114. Local leaders concurred on this view, and they claim that their own income remains limited; that they are not fully compensated for the execution of central government tasks in the framework of joint authority; that, if the sustainable government finance white paper is approved, local governments will be hindered in making investments and using their reserves. Since they will no longer be able to place their assets with a bank of their choice, but only with the central government (treasury) banks, they will get reduced returns because the interest rate paid by central government is considerably lower than that offered by the banks. Therefore, and according to local representatives, the Law on the Public Finance (Hof) and the ‘Schatkistbankieren’ (financing by the Treasury) have shown so far examples of what should be avoided. Furthermore, in the Council of State’s publication ”Inter-administrative Relations Re‑evaluated” (page 32), it is stated that “the Department has also evaluated two legislative proposals (the Sustainable Public Finances Act and Treasury Banking) which, according to the IPO, VNG and UvW, are being considered jointly as an attempt to limit the powers of decentralised authorities to manage and allocate their general resources for themselves”.
115. All the local politicians met by the Congress delegation stressed the view that the local taxation reform has limited the income of municipalities, since tenants of houses do not pay the general property tax. Furthermore, municipalities also complain about the fact that the Municipalities Fund has suffered subsequent reductions over the years. The Minister of the Interior and Kingdom Relations refers to the report of Staat van Bestuur 2012 (Administration report) that stipulates that the size of the Municipalities Fund has increased in recent years. Municipalities in the Netherlands claim that their tasks have increased which mean a relative loss of fund. As regard the next decentralisation processes, concerning social programs, will be performed by the central government, but the State is not going to give the municipalities the same amount of money that is spent by State agencies on those programs. In the government’s understanding, because municipalities will be responsible for implementing those programs, the fact that they are the administration closest to the citizens will produce in itself some savings and “efficiency gains. Therefore, it is expected that municipalities will be able to implement those programs at a lesser cost. These efficiency gains and savings have been calculated unilaterally by the central government, without sufficient analysis and municipalities complain about the fact that they cannot provide these programs, at the same quality level, with far less money than before.
- Paragraph 1
116. The size, population density and the spatial distribution of local authorities constitutes a more than favourable environment for inter-municipal cooperation in the Netherlands. In fact, the importance of inter-municipal cooperation (which is explicitly provided for by Article 134 of the Constitution) has grown over the last decades, especially on grounds of efficiency and getting economies of scale. Inter-municipal cooperation is used in many areas of local life: housing, town planning, environmental policy, fire prevention, sports and cultural facilities, waste collection and treatment, etc. The most important statute in the field is the “Act on Cooperation” (Wet gemeenschappelijke regelingen) of 1984.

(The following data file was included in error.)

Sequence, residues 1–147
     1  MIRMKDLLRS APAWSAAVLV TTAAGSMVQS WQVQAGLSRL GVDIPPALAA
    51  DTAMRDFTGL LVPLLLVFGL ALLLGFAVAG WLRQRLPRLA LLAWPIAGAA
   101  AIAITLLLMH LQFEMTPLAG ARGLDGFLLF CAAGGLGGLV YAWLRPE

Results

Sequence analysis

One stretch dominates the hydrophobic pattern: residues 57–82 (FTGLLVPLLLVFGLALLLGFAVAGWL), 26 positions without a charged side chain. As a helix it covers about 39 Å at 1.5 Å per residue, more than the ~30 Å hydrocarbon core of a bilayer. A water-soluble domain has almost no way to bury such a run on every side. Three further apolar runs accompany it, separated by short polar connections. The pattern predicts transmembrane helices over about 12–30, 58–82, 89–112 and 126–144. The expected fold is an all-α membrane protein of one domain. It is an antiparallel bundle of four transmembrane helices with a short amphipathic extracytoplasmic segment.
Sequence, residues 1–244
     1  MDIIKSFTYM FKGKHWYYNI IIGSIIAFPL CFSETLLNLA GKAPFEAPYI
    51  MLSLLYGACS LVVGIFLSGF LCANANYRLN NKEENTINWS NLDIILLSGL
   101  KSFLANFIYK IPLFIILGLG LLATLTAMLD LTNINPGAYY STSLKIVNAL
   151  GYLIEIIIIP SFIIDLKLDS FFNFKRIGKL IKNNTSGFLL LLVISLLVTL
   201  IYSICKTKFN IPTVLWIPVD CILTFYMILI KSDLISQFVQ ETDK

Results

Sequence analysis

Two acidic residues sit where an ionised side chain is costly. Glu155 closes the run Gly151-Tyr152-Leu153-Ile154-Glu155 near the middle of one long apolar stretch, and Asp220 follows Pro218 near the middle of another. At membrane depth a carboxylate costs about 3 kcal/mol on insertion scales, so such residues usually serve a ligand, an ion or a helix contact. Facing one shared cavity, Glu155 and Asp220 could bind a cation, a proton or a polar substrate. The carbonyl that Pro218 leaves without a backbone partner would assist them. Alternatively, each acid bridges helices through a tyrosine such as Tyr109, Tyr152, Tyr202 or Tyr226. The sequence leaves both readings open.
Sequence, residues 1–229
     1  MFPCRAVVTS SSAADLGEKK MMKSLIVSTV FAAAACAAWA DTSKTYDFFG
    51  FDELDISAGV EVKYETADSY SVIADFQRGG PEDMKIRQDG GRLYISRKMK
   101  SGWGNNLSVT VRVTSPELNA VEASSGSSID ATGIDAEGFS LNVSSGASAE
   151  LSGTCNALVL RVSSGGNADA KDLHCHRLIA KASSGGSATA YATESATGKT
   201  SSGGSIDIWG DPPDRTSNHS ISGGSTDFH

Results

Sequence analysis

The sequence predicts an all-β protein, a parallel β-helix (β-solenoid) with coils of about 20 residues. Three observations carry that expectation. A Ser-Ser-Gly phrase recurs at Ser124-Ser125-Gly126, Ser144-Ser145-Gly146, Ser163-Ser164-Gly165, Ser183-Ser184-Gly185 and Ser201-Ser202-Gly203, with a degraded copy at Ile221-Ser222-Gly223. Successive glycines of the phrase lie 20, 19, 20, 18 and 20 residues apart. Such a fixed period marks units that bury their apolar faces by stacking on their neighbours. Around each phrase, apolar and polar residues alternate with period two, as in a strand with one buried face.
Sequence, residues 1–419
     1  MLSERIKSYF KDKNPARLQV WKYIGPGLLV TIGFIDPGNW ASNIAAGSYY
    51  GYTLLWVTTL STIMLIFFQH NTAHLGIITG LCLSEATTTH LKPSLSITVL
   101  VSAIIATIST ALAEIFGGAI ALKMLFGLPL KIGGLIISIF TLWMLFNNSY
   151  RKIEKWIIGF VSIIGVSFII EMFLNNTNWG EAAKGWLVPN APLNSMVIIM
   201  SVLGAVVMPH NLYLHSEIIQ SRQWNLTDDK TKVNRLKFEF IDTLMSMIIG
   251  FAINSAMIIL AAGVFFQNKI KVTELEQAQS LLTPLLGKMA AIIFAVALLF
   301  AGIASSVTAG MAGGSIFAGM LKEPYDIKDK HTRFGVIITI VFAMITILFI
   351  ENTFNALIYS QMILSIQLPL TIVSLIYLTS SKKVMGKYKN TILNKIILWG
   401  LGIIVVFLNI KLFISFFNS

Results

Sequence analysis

117. Inter-municipal cooperation can be channelled through four basic types of bodies: the “public body” (openbaar lichaam), the “mutual organ” (gemeenschappelijk orgaan), the “central municipality” (centrumgemeente), and the “functional commission” (functionele commissie). The specific case of inter-municipal cooperation in a “metropolitan” area has been described above for Amsterdam. Municipalities can also establish private-Law entities such as companies, associations and foundations.
- Paragraph 2
118. The situation of the “right to associate” requirements of Article 10 para.2 of the Charter in the Netherlands can only deserve a highly positive assessment. In the country there are two powerful, well-structured and active associations: one for municipalities (Vereniging van Nederlandse Gemeenten, VNG) and another of Provinces (Interprovinciaal Overleg, IPO) and one of the waterboards(UvW). They have provided much appreciated assistance to the Congress delegation before, during and after the visit. In both cases, the national associations are well-inclusive and representative of local authorities (at municipal or provincial scale). They play an active role in the representation, defence and advancement of the local interest, and they negotiate on a regular basis with the central government on major developments affecting the local interest. This is also favoured by the pattern of inter-governmental negotiation, which is deeply rooted in Dutch political culture. For instance, and as noted above, in 2004 the central government and the representatives of the sub-national authorities drew up an “inter-governmental relations code” (BZK, 2005). Other negotiated positions have followed in subsequent years: for instance, in June 2010 the Dutch local and regional authorities, in conjunction with the Dutch Government, adopted in The Hague a joint position paper on the future of the European cohesion policy.